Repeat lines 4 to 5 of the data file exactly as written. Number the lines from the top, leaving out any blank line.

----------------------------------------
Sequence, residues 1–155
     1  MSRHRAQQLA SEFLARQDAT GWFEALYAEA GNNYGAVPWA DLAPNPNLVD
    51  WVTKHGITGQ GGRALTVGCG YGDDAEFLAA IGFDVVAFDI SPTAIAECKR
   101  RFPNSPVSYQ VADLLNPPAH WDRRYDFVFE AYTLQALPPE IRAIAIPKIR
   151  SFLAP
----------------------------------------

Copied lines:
   101  RFPNSPVSYQ VADLLNPPAH WDRRYDFVFE AYTLQALPPE IRAIAIPKIR
   151  SFLAP